In the final moments of what may turn out to be the last debate of the Democratic presidential campaign, Barack Obama paid gracious tribute to his opponent, Hillary Clinton.
Invited by NBC’s Brian Williams to specify what questions Clinton still had to answer “to prove her worthiness as the nominee,” Obama said, “I don’t think Senator Clinton has to answer a question as to whether she’s capable of being president or our standard-bearer.” He described her as “qualified” and “capable,” and that “she would be worthy as a nominee.”
Obama was returning the compliment Clinton had paid, when she said at the end of their previous debate that she was honored to share the stage – and this long battle – with him.
The Ohio and Texas primaries are still to come, and if Clinton wins both, the nomination fight will go on. But given what President Clinton has said about his wife having no margin for error in those two states, it is possible that last Tuesday’s debate will be her last.
It has been a strange and remarkable journey, from her early status as the favorite for the prize to this moment of desperate necessity. But as I look back on it, Hillary Clinton has performed impressively. She has nothing to apologize for in her own campaigning, and much of which she can be proud.
A lesser candidate might have cashed in her chips after her humiliating third-place finish in the Iowa caucuses. Instead, Clinton increased her workload and pulled out a victory in New Hampshire that astonished even her own staff.
She challenged Obama in South Carolina, where he clearly had the lead, and came back again from that defeat to win California, New York and New Jersey, three of the biggest prizes on Super Tuesday.
After that, Obama got on a roll, while Clinton had to scramble to overhaul her organization and replenish her exhausted treasury, starting with a $5 million personal loan.
But she never quit, and she showed her toughness, not only on the stump and in debates, but in doing something much more difficult: telling her husband to muzzle his personal resentments of Obama and clean up his act.
Substantively, Clinton has more than matched anyone else in the field.
As Pennsylvania Gov. Ed Rendell, one of her supporters, told me last week, “Obama has good solid plans, but hers are spectacular” in their detail and sophistication.
Given all that, why is she at risk of being counted out? I think it goes back to what I learned from reading Carl Bernstein’s biography, “A Woman in Charge,” and wrote last September: “This is a complex, talented person who has lived – and survived – a really hard life. As she nears her 60th birthday and the largest challenge of her career, the scars of those earlier experiences are plainly visible. What lies underneath the scar tissue is harder to discern.”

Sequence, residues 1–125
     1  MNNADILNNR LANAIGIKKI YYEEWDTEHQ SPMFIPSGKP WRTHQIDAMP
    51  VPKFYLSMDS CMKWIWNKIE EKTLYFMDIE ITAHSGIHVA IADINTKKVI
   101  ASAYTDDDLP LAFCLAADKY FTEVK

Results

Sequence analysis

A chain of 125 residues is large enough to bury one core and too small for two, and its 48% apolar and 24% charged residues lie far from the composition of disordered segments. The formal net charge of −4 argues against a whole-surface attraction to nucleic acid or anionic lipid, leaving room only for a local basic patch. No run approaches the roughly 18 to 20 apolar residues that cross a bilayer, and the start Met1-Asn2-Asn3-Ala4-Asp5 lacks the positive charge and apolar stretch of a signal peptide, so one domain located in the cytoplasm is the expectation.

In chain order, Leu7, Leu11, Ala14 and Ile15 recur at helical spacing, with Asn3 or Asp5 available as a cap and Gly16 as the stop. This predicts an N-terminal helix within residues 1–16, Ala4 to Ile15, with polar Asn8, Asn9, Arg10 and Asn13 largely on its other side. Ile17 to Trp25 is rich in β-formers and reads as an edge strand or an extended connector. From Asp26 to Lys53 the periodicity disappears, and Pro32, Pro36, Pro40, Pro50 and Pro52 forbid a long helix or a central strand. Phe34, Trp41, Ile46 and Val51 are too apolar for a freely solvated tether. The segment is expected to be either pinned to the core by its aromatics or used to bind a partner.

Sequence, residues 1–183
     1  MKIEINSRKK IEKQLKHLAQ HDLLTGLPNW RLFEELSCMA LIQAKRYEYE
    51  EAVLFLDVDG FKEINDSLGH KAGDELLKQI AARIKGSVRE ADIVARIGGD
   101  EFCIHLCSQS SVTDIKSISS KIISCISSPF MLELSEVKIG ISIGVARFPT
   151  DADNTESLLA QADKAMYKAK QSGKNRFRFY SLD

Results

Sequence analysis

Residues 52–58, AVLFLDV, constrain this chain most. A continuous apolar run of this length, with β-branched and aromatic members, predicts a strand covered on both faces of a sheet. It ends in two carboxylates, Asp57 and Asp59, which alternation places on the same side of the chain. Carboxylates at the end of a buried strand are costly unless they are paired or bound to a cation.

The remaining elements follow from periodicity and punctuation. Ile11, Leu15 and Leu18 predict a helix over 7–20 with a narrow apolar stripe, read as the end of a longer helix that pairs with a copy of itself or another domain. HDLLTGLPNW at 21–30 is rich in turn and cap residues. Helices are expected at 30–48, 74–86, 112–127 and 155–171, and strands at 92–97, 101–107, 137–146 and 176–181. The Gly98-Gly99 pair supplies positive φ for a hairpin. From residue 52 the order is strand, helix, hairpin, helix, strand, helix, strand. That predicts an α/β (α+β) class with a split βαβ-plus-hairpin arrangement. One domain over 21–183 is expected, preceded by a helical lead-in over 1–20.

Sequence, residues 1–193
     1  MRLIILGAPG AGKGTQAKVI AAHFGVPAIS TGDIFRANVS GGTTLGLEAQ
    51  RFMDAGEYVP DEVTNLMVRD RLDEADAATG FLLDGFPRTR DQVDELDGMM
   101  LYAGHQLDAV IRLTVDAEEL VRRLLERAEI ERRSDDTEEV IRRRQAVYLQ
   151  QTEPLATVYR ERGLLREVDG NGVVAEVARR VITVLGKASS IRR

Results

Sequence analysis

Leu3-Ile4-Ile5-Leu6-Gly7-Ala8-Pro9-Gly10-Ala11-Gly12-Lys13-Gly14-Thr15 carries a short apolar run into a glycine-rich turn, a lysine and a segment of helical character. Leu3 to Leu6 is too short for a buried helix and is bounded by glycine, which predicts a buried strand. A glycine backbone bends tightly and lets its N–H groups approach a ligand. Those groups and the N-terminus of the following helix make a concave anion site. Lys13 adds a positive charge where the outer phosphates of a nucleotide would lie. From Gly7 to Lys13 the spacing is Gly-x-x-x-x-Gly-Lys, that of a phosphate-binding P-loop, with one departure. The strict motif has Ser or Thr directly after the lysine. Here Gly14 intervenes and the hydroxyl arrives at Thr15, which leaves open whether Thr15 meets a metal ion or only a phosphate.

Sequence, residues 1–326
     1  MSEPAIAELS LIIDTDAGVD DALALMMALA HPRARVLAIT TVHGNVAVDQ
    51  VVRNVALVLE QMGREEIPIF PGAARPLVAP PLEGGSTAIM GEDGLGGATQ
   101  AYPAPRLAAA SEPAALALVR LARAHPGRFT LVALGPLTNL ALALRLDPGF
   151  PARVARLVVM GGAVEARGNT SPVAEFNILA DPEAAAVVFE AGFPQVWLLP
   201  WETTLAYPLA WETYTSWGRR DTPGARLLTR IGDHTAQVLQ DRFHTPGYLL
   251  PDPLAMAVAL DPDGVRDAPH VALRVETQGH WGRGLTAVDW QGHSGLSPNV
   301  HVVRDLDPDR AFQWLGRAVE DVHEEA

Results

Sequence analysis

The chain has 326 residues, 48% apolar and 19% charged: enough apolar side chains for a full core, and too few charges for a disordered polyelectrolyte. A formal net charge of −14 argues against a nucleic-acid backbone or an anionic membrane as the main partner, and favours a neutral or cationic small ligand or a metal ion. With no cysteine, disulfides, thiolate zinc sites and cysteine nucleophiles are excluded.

My sense is that in the following months of campaigning, voters were often frustrated by their inability to discover the real person behind the notably buttoned-up candidate.
Her best, and most affecting, moments came when she briefly let her guard down. In early January, in Portsmouth, N.H., when asked how she steeled herself for every day on the trail, she choked up and, with moist eyes, said, “You know, this is very personal for me. It’s not just political. It’s not just public. I see what’s happening, and we have to reverse it.”
There was another such moment at the Texas debate Feb. 21, when CNN’s Campbell Brown asked her to describe her “moment of crisis.” Clinton said, “Well, I think everybody here knows I’ve lived through some crises and some challenging moments in my life. … (But) with all the challenges I’ve had, they are nothing compared to what I see happening in the lives of Americans every single day.”
She then talked about a visit she and John McCain had paid to seriously wounded veterans at Brooke Army Medical Center in San Antonio and how moved she was by the courage of those in wheelchairs and on gurneys, the burn victims and the paraplegics. “You know,” she said, “the hits I’ve taken in life are nothing compared to what goes on every single day in the lives of people across our country.”
Those moments allowed people to see the passion and the empathy that have motivated Clinton all these years. But they have been few and far between; unlike Bill Clinton, she is a really private person.
Her inability to break through the scar tissue – the accumulated wounds of a demanding father, a wayward husband and countless political battles – may cost her the chance to be president.
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